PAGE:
5. The CD changer as claimed in claim 4, wherein the pin (21) has a surface (22) which is matched to that surface (23) of the stop (25) against which it bears in the extended state.

6. The CD changer as claimed in claim 5, wherein the stop (25) has a beveled edge region (24).

7. The CD changer as claimed in claim 1, wherein the pin (21) is arranged on an element (9) which is operatively connected to the lever arm (10).

8. The CD changer as claimed in claim 2, wherein the pin (21) is arranged on an element (9) which is operatively connected to the lever arm (10).

9. The CD changer as claimed in claim 8, wherein the pin (21) has a surface (22) which is matched to that surface (23) of the stop (25) against which it bears in the extended state.

10. The CD changer as claimed in claim 9, wherein the stop (25) has a beveled edge region (24).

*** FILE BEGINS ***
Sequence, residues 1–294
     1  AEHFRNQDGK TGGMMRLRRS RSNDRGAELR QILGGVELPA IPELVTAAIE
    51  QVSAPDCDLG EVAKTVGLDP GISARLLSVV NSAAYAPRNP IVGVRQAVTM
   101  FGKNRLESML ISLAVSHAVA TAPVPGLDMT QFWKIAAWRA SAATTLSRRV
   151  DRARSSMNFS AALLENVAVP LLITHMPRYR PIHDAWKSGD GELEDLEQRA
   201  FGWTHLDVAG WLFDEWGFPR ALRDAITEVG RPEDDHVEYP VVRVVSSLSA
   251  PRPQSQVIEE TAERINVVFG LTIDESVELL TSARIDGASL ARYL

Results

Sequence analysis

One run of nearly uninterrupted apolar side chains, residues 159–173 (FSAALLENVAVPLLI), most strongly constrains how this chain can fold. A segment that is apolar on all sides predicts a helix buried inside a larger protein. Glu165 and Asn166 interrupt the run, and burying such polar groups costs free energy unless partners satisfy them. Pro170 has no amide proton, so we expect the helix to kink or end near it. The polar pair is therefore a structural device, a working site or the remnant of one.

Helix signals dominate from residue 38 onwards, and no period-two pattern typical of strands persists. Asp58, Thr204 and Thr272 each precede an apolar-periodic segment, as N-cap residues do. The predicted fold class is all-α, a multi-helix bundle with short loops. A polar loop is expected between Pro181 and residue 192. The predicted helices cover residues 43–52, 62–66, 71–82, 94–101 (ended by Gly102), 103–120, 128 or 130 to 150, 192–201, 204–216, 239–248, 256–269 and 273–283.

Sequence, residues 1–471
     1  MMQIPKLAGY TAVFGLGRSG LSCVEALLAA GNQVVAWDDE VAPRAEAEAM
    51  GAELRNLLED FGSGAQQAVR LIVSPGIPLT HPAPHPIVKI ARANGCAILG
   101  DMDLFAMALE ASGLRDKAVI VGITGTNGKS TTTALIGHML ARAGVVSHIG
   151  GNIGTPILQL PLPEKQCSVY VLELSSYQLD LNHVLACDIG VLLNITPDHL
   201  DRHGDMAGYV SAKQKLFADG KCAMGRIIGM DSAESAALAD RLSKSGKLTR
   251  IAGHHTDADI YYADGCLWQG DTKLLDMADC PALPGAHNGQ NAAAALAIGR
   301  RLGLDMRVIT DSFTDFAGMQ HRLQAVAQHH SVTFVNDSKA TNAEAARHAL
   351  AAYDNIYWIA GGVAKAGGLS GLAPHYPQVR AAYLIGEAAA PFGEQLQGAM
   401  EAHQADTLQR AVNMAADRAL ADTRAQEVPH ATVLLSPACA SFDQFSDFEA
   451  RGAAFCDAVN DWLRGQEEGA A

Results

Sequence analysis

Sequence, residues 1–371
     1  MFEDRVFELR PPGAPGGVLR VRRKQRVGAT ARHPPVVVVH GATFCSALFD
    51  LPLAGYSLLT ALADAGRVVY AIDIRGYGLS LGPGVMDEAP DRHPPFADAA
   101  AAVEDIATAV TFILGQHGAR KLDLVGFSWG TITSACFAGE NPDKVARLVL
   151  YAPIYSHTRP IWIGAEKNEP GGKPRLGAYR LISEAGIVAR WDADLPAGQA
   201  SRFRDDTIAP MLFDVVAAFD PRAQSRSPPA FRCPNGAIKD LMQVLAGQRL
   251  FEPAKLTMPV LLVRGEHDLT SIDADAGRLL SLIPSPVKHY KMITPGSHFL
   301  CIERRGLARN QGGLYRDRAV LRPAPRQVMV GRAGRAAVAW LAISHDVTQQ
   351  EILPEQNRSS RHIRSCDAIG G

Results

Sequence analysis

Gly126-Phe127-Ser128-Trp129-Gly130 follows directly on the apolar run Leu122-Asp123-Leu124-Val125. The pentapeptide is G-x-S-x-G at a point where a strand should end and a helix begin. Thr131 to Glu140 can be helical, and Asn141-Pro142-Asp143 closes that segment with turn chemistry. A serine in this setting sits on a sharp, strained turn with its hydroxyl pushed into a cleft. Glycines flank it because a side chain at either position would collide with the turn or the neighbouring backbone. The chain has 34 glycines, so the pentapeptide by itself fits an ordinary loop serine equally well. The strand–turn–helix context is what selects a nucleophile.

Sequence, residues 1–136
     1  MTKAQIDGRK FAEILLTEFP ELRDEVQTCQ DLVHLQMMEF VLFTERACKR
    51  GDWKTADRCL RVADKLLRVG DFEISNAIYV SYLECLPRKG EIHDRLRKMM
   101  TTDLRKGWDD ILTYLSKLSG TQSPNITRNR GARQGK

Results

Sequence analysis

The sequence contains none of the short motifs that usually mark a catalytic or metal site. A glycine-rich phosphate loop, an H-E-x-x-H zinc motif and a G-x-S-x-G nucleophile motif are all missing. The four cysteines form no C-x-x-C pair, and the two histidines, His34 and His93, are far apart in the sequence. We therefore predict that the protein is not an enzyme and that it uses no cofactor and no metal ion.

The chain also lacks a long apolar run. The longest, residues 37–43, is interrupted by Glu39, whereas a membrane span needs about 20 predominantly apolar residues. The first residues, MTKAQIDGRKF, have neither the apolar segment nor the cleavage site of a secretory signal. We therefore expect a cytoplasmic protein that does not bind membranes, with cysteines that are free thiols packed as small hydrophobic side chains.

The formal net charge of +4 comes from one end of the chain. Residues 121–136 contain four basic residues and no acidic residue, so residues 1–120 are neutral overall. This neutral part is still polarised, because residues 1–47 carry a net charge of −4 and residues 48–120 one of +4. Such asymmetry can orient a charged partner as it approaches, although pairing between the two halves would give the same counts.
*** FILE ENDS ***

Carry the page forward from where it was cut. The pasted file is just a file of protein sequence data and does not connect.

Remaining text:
11. The CD changer as claimed in claim 1, wherein the pin (21) has a surface (22) which is matched to that surface (23) of the stop (25) against which it bears in the extended state.

12. The CD changer as claimed in claim 11, wherein the stop (25) has a beveled edge region (24).

13. The CD changer as claimed in claim 1, wherein the stop (25) has a beveled edge region (24).

14. The CD changer as claimed in claim 1, wherein the guide groove (12) has at least one bevel (18) which serves as a stop.

15. The CD changer as claimed in claim 1, wherein the stop (15) and pin (11) are shaped in such a manner that, in the extended position of the drawer (2), a force acting in the direction of displacement of the drawer (2) first of all causes a small displacement of the drawer (2) before the stop (15) and pin (11) pass into a blockade position.

Description:

FIELD OF THE INVENTION

The present invention relates to a CD changer of the “carousel type”, in which three or five optical recording media, referred to below as disk, are arranged on a rotatable disk holder, the carousel. Two, four, six or more disks may also be provided here.